The third largest is the VanEck Vectors J.P. Morgan EM Local Currency Bond ETF (EMLC). This ETF tracks the J.P. Morgan GBI-EMG Core Index (GBIEMCOR), which is comprised of bonds issued by emerging market governments and denominated in the local currency of the issuer. Given that the Venezuelan currency, the Bolivar Fuerte is essentially worthless I wasn’t surprised to find that there were no Venezuelan holdings in this ETF. The trailing 12 month yield is currently 4.94%, the average portfolio maturity is 7.63. I was a bit surprised that the yield for this ETF was very close to the yield on the dollar denominated large ETFs. Not only are you taking the risk of the local government but you are taking the currency risk as will, which investors usually demand a higher yield to compensate for. But due to the shorter average maturity, the high exposure to Poland which is rated A2/BBB+ and a 5.08% exposure to supra-nationals like the Inter-American Development Bank which is AAA rated, it actually makes sense that the yield does not push above 5.0%.
The argument that these big asset managers hold these bonds is a valid one. The three funds I looked at represent combined assets of $21 billion, but their holdings of Venezuelan bonds only total to $415 million out of a total debt stock of $125 billion or $38.75 billion at market rates. Given that the Goldman position is $2.8 billion this still represents a significant bet. The company may already be positioning itself for the post default negotiation and may be aware of some specific legal characteristics of the bonds that would give them a leg up on the market price in negotiation.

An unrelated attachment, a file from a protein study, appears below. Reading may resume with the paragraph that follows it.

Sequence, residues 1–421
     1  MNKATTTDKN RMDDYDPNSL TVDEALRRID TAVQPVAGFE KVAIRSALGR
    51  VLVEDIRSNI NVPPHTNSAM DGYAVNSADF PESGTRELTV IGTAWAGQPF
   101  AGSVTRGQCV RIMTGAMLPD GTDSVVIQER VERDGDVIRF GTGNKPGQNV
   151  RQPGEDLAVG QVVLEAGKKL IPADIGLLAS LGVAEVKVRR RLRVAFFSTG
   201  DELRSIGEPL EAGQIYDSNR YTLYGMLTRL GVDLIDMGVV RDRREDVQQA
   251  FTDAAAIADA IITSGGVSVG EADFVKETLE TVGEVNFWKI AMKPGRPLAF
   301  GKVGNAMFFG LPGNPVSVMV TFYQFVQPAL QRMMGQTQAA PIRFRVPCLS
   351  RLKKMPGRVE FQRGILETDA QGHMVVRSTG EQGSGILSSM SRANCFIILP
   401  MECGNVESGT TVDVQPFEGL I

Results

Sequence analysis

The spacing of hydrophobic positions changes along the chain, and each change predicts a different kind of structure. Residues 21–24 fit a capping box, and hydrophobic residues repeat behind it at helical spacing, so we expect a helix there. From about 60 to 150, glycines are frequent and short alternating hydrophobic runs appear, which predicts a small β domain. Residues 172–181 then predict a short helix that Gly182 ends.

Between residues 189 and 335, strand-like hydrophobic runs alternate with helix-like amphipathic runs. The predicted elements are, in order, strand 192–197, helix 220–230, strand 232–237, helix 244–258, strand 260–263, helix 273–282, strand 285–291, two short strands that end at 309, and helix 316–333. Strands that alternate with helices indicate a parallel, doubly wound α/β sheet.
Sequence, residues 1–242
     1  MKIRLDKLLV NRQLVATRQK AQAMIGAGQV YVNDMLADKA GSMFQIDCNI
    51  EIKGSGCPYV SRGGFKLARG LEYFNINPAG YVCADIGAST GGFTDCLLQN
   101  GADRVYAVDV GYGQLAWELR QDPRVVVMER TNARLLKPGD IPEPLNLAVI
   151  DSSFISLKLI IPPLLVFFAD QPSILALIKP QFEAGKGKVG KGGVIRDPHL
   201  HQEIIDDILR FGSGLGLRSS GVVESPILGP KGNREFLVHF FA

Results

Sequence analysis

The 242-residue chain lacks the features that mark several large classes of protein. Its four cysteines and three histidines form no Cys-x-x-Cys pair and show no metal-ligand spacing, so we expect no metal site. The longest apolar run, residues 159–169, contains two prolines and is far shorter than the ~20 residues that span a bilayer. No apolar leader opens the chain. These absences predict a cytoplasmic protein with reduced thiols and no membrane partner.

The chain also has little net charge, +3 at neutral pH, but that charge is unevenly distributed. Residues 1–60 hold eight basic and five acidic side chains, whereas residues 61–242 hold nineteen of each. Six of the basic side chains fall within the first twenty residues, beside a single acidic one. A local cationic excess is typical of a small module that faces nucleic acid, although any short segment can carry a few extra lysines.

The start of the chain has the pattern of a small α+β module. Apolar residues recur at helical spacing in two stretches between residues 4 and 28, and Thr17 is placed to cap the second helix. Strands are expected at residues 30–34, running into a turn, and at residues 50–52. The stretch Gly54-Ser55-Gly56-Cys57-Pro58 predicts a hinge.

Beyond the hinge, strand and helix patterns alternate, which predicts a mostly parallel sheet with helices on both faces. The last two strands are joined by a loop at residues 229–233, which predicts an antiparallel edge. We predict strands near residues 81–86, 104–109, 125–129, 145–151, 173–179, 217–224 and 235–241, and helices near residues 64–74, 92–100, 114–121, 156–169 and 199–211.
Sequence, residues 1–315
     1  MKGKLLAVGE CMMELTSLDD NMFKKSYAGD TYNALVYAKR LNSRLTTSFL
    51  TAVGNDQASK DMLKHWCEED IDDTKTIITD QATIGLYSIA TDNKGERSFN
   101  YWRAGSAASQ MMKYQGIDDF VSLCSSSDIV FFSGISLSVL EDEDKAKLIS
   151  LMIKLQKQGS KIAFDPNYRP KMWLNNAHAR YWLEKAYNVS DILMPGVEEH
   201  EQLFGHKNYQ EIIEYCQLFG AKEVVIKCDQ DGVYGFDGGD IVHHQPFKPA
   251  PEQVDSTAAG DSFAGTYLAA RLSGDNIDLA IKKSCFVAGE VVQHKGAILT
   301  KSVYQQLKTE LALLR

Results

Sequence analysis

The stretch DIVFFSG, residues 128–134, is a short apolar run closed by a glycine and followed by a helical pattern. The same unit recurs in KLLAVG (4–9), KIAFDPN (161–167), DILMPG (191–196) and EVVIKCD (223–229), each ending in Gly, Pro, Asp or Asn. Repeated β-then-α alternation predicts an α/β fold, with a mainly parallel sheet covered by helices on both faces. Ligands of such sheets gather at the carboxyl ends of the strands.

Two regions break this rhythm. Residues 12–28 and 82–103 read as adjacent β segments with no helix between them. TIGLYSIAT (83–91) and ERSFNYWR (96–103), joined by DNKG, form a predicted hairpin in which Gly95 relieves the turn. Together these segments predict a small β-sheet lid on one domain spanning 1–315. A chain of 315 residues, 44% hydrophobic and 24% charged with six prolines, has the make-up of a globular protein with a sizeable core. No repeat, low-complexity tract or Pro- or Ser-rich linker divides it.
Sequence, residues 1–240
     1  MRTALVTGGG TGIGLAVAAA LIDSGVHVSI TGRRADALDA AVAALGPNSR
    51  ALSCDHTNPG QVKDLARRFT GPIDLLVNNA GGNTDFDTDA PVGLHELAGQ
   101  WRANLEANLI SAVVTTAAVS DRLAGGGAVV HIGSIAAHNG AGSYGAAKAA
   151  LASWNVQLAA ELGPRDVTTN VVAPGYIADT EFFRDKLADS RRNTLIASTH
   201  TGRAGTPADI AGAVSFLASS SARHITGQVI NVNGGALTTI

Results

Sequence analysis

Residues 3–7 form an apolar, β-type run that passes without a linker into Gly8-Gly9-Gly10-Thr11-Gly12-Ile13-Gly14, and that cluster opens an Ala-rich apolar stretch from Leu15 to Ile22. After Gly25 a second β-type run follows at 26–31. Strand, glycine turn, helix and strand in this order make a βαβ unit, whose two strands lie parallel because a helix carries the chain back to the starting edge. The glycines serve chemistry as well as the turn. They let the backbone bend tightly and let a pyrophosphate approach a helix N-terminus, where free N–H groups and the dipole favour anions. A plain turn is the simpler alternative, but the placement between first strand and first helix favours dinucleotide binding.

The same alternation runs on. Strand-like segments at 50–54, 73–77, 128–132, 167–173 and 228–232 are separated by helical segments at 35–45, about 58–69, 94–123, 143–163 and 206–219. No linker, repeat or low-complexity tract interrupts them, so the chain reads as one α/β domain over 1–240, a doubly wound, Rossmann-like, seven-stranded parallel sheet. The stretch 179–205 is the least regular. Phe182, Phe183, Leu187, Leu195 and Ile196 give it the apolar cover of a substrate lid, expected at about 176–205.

Either way, for purchasers of these ETFs, given that 2 of the largest hold these “hunger bonds”, not to mention holding debt of dubious governments like those of Russia, there should be at the least an awareness that the yield here arguably comes at the expense of a moral cost in some people’s eyes. What are your thoughts? Do any of the readers own these ETFs and what are your thoughts on this?The information provided by www.cashchronicles.com is for informational purposes only. It should not be considered legal or financial advice. You should consult with an attorney or other professional to determine what may be best for your individual needs. www.cashchronicles.com does not make any guarantee or other promise as to any results that may be obtained from using our content. No one should make any tax or investment decision without first consulting his or her own financial advisor or accountant and conducting his or her own research and due diligence. To the maximum extent permitted by law, www.cashchronicles.com disclaims any and all liability in the event any information, commentary, analysis, opinions, advice and/or recommendations prove to be inaccurate, incomplete or unreliable, or result in any investment or other losses. Content contained on or made available through the website is not intended to and does not constitute legal advice or investment advice and no attorney-client relationship is formed. Your use of the information on the website or materials linked from the Web is at your own risk.